This article analyzes a commonly used pricing practice, which the author calls 'buffet pricing,' in which for a fixed entry fee consumers can consume an unlimited quantity during a specified period of time. When consumers are homogeneous in preferences, this form of pricing can be more profitable than a two-part tariff if the total cost under a two-part tariff is greater than the 'net' total cost under buffet pricing. For heterogeneous consumers, depending on the distribution of consumer types and the relative magnitudes of transaction and production costs, buffet pricing can also be more profitable than two-part tariffs. Copyright 1999 by University of Chicago Press.
If you experience problems downloading a file, check if you have the proper application to view it first. In case of further problems read the IDEAS help page. Note that these files are not on the IDEAS site. Please be patient as the files may be large.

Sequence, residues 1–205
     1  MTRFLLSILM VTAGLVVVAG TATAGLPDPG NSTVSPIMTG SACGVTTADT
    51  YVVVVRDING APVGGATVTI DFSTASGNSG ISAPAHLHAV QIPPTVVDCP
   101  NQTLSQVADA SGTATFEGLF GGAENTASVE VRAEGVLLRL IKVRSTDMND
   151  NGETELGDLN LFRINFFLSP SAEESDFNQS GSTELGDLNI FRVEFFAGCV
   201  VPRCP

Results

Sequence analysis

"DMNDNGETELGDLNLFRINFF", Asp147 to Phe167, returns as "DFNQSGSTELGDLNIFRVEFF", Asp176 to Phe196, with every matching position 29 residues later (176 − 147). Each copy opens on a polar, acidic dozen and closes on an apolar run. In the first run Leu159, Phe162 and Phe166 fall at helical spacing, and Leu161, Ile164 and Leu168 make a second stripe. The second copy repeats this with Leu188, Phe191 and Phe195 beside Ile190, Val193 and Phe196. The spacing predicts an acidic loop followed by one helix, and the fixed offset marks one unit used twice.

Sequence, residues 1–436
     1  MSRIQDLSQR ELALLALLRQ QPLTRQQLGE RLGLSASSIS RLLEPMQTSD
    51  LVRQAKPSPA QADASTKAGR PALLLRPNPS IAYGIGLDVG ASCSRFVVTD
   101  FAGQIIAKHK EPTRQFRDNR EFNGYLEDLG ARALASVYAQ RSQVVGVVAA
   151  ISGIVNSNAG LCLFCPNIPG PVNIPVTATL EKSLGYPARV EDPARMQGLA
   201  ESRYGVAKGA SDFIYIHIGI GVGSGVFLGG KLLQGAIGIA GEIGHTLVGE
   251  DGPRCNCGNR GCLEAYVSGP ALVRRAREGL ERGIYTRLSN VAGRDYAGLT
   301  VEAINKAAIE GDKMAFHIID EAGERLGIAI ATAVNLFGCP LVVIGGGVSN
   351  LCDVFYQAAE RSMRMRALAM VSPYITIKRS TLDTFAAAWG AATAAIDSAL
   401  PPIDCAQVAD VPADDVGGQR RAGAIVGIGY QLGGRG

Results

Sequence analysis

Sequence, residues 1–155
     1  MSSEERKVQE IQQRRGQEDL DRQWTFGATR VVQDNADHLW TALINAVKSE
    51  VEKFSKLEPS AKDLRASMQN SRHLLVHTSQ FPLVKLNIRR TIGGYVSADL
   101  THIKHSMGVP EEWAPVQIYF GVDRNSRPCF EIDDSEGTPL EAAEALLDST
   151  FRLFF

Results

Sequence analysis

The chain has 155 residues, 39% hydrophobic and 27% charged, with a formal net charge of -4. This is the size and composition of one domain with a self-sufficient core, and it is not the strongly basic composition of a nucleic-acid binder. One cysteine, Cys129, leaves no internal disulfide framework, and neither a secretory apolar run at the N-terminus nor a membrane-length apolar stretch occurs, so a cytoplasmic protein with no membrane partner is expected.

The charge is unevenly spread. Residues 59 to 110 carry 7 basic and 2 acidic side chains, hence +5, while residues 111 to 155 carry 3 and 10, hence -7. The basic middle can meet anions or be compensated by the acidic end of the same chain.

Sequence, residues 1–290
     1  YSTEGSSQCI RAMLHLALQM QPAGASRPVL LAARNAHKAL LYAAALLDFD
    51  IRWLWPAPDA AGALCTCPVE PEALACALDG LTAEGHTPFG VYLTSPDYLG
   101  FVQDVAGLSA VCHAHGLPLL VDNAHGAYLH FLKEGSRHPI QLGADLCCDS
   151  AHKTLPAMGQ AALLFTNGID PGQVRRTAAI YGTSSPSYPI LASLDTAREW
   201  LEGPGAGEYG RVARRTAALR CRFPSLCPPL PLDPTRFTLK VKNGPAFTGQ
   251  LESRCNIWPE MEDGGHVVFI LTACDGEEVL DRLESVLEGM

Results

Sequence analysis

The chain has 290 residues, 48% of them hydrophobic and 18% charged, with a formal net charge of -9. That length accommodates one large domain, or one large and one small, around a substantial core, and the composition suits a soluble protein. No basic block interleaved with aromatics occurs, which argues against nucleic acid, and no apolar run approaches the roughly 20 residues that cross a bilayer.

As the access to this document is restricted, you may want to look for a different version under "Related research" (further below) or search for a different version of it.
When requesting a correction, please mention this item's handle: RePEc:ucp:jnlbus:v:72:y:1999:i:2:p:215-28. See general information about how to correct material in RePEc.
For technical questions regarding this item, or to correct its authors, title, abstract, bibliographic or download information, contact: (Journals Division)
If references are entirely missing, you can add them using this form.